The diagram below provides an overview of the various features of the FG-device. At the center is the metal cylinder with the two cut-out windows. At the left is the spindle with the 25 cipher discs, one of which (Z) has been removed here. Each group of five discs is separated by a metal spacer. Once the order of the discs has been fixed, the spindle with the discs should be inserted into the large open end of the cylinder. The disc setting device is stored inside the hollow spindle. When the device is not in use, it is put in the storage position 1 and stored inside the leather bag.



  1. In the storage position, the discs are inserted in the order of the alphabet (A-Z), with the letter 'A' of each disc lined up with the lower edge of the window.

Operation
First, the device has to be set to the daily (secret) KEY that has been distributed in advance. The KEY consists of a string of 25 unique letters of the Latin alphabet (A-Z minus the letter 'I'). In the example below, we have used the default storage position, which is the order of the alphabet:

A B C D E F G H J K L M N O P Q R S T U V W X Y Z

The core is now removed from the cylinder, after which the 25 alphabet discs are removed from the spindle. Next they are mounted to the spindle in the order dictated by the daily key (shown above). The core is then refitted inside the cylinder. Assume we want to send the message:

ATTACK FRIDAY MORNING AT DAWN

We now rotate the discs so that the message appears at the lower edge of one of the windows of the cylinder. This can be done with the special tool that is stored inside the core of the spindle, and can be pulled-out from the right of the device. It can also be done manually by first moving all discs to the far right, then setting the leftmost discs and shifting it to the left. Next, set the second disc and move it to the left. Continue until the entire message is visible at the lower edge:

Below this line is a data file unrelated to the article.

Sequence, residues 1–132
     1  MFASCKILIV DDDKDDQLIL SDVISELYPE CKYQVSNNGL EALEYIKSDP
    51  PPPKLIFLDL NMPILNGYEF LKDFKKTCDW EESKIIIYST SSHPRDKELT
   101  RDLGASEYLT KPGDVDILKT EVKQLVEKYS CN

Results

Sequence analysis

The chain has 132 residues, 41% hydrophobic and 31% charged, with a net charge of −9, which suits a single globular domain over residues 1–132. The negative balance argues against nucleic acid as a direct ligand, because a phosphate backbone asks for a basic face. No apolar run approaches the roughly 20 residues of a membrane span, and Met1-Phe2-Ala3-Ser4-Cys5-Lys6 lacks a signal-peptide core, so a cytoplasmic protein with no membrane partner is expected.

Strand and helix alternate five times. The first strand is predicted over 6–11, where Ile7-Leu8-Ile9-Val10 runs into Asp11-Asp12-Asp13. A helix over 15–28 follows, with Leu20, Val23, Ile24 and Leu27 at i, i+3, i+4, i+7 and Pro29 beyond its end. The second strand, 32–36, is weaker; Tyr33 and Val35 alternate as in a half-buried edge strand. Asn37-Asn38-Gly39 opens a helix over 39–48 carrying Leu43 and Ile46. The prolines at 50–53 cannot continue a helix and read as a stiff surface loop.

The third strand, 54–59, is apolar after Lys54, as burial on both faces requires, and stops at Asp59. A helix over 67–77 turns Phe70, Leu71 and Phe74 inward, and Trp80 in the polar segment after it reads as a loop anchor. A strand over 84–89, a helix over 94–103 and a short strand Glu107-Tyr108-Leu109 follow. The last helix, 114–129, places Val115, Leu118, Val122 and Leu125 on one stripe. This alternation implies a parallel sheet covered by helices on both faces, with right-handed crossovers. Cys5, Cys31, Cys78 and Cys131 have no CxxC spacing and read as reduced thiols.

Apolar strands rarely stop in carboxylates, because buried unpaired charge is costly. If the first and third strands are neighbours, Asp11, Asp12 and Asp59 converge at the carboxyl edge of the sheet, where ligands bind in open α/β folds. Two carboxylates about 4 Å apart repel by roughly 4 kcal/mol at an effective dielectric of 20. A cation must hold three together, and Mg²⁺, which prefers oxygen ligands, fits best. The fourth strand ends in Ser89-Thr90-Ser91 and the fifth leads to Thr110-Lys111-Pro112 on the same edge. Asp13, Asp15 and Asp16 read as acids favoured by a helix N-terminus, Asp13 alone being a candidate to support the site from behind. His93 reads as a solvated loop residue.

Plaintext message 'attack friday morning at dawn'

Now turn the device over by rotating it 180 degrees, so that the other window is at the front, and read the ciphertext message from the lower edge of that window. At the given KEY, this results in:

Ciphertext message 'ejjri wgvjm hcpbe ylyac ogzij'

Write the ciphertext message out on a message sheet in 5-letter groups. If the message is longer than 25 letters, repeat the above procedure until the entire message is processed. Once the message is encrypted completely, pass the message sheet to the radio or telegraph operator and send it to the recipient. The method is reciprocal, so the recipient follows the same procedure.

EJJRI WGVJM HCPBE YLYAC OGZIJ

In the above procedure, there is a fixed relationship between the plain­text letter and the cipher­text letter of each disc. They are always exactly 180° apart (i.e. opposite each other), in order to make the method reciprocal. This is considered a weakness of the system. A side effect of this principle is that a letter will never be encoded into itself, just like on the Enigma cipher machine.

Improved security
The security of the cipher can be improved by rotating the spindle one or more positions — using the knob at the left — before reading-off the ciphertext, but that means that the rotational offset must be part of the key, so that it can be corrected at the receiving end. If, in the example above, the spindle is rotated clockwise by one position (i.e. offset = 1), the ciphertext will become:

QWFND CXWZI SSJXH SAOIY HMFYE

At the receiving end, the operator sets up the above ciphertext at the lower edge of the window and then turns the spindle counterclockwise (in this case by 1 position), before reading-off the plaintext at the other side of the cylinder. Theoretically, the above procedure can be improved further, by rotating the spindle by one or more positions before writing down each ciphertext letter, but as far as we know this was not part of the operational procedure of the Swiss Army.

Pulling-out the setting tool Rotating the spindle Core (spindle with discs) removed from the cylinder Spindle with discs Mounting an alphabet disc on the spindle Disc 'Z' placed on the spindle stack Clear text message: ATACK FRIDAY MORNING AT DAWN Cipher Text Message